Thru-hikers like to invent games and “challenges”. For example, there’s the Four State Challenge, which involves hiking from Virginia, through West Virginia and Maryland, before reaching Pennsylvania. To complete this you hike 44 miles in under 24 hours. A slightly shortened version of that is the Maryland Challenge, which covers 41 miles from state line to state line. Is that too tame for you? Then try the Rocky’s Pizza Challenge, which starts from Curley Maple Gap Shelter in Tennessee. Within two hours you must race down the mountain to the town of Erwin, order two large pizzas at a local pizza shop, run next door to the liquor store and buy a case of beer, then haul the pizza and beer the five miles back up to the shelter.
Day 81, Dahlgren Backpack Campground to Ensign Cowall Shelter
I'm a sleepy time baby, a sleepy time boy
I was wondering if it had been unkind of Stick and me to push as hard and far as we did yesterday. We’ve been hiking nearly every day for more than 1,000 miles, but Ralph just got on the trail. Then I saw him shimmy up a bear pole last night and decided there was no reason to feel sorry for him.
Leaving Kim this morning in Harpers Ferry was entirely different than when I left her nearly three months ago on Springer Mountain. Instead of cold and rain, it was a warm and sunny day. Instead of being alone, my longtime friend, Ralph, and my new friend, Stick, were with me. Instead of being untested, I had a body that had become well-conditioned over more than 1,000 miles of walking. And instead of a small measure of uncertainty of what was ahead for me, I now had clear focus and a committed expectation I could, barring injury, reach Mt. Katahdin.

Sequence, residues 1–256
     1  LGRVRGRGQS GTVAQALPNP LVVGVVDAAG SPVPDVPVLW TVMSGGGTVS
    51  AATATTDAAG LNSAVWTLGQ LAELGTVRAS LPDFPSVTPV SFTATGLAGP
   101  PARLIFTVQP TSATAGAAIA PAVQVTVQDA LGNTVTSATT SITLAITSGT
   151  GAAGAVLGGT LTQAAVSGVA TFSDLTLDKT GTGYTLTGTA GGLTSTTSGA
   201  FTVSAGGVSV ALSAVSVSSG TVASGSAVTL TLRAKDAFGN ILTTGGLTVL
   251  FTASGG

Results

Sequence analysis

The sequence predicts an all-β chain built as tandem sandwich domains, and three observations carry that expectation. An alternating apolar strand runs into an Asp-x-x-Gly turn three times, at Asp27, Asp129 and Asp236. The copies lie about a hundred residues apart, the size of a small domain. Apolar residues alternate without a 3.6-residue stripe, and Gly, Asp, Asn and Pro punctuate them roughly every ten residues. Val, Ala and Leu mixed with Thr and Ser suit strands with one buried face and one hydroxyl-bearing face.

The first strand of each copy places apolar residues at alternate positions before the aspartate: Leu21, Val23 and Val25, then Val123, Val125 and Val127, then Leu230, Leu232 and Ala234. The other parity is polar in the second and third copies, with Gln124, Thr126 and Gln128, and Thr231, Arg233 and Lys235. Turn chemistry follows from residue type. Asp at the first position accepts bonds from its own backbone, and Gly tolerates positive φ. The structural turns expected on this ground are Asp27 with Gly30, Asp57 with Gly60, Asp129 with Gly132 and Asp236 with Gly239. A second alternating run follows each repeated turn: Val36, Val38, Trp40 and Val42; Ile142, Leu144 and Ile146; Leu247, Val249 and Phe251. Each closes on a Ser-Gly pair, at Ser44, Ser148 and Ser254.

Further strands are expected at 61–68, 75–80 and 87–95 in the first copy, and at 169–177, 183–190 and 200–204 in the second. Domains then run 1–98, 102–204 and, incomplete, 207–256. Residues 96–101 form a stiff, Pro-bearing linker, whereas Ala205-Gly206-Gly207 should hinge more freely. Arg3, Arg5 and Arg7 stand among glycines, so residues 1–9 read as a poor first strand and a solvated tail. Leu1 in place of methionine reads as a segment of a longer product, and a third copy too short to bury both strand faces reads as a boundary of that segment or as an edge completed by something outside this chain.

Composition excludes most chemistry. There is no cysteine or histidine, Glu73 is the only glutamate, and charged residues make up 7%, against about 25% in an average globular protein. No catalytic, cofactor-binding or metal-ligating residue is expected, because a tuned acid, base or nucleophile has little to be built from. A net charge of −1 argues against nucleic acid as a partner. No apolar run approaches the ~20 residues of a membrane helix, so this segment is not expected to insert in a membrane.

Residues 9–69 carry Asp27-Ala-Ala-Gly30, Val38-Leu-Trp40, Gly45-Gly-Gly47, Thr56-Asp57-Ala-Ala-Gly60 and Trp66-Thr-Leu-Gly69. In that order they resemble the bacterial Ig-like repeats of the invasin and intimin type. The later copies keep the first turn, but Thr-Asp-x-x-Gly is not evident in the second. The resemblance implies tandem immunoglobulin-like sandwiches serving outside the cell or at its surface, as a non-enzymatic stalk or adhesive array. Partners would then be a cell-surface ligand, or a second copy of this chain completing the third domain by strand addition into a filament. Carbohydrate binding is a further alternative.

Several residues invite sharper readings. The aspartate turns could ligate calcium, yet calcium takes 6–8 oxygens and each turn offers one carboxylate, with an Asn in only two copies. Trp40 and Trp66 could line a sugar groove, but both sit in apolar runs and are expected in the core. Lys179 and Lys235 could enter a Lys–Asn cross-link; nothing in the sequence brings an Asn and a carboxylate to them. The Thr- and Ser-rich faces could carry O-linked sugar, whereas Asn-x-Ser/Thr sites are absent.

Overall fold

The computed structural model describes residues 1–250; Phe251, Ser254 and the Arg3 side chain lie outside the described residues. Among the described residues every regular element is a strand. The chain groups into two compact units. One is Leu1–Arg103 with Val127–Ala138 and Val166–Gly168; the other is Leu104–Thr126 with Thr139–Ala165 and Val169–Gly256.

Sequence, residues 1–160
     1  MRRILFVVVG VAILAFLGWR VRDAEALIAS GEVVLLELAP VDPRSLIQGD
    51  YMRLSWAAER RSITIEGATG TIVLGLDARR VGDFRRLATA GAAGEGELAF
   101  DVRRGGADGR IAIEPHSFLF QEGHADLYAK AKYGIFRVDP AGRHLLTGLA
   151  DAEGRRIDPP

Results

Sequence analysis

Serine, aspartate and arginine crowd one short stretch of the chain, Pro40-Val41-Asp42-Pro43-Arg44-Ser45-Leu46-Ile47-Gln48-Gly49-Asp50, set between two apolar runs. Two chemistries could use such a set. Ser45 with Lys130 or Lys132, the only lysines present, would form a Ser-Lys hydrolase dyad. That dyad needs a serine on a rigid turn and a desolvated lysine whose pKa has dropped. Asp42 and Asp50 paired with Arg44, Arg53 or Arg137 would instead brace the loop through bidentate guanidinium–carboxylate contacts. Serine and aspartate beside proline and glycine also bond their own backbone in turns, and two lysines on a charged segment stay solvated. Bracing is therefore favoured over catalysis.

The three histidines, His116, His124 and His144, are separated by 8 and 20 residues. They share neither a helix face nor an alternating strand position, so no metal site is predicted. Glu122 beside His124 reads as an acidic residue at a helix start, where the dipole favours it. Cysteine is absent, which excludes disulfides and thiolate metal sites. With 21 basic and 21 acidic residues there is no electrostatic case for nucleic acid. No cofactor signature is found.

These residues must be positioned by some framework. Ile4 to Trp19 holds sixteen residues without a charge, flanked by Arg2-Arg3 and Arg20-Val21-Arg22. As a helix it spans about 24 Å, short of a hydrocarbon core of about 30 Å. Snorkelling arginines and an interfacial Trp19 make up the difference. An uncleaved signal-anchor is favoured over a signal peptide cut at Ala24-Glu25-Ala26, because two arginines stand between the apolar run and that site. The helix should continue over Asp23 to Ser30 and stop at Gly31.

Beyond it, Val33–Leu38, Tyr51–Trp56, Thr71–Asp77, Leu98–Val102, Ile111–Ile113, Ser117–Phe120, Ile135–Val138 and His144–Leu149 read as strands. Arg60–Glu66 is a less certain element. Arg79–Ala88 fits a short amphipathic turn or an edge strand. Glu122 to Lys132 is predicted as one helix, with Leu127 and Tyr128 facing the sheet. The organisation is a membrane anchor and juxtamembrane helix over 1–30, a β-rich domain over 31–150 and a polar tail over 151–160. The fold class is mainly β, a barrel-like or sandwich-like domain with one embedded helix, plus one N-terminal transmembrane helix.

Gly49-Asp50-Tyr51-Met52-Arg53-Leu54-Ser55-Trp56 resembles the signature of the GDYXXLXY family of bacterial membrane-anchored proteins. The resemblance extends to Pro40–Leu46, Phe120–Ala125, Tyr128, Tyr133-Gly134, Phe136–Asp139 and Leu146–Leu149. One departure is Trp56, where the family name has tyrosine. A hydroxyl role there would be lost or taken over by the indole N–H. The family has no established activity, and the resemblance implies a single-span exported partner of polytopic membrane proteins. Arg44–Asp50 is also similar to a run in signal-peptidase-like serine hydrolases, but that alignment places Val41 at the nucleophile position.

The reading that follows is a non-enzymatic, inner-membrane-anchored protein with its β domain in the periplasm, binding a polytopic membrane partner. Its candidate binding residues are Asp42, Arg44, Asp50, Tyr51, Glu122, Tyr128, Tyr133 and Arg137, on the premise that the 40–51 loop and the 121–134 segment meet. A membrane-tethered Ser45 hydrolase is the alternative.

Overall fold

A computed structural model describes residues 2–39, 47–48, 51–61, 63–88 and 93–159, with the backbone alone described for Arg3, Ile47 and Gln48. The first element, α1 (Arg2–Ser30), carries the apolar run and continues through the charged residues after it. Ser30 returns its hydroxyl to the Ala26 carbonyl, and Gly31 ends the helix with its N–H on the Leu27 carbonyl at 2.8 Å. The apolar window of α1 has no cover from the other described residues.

Today was supposed to be a zero day. In a strict definition of the term, as in a day of zero hiking miles, it was that. But zero miles was certainly not the number put on my truck today.
This was a significant day. It was obviously going to be a big day because I would be seeing my wife for the first time in a month. What’s more, I presumed this would be the last time I would see her for a much longer time. Most likely, I will not see her again until after I finish my hike in Maine. This was also when we reach what’s often called the psychological halfway point of the Appalachian Trail. The true midpoint will still be about 72 miles away. Nevertheless, it’s now starting to feel like we are closer to Maine than we are Georgia. I thought about this as Stick and I walked to Harpers Ferry this morning, but the true significance of the day hadn’t registered with me yet. That would come later.
Day 77, Sam Moore Shelter to David Lesser Memorial Shelter
And you know, it makes me wonder what's going on under the ground
I feel like I’ve been dragging a bit this week. I’m not sure I have an excuse for my lethargy, though. The trail hasn’t been especially rugged or difficult. The weather has been warm, but not especially hot. Oh, wait. Maybe I do have an excuse. In the last three weeks I’ve walked 290 miles with only one nero day and no zeros. That’s an average of nearly 14 miles a day without a break.
Thanks to the nearby squeaky tree, last night didn’t provide the best night’s sleep I ever had. The breeze that caused the squeakiness provided one benefit, though, and that was to make the night pleasantly cool. To mitigate the reduced amount of sleep, Stick and I slept in later than normal. It wasn’t something we discussed or planned, but it worked out that way and neither one of us complained.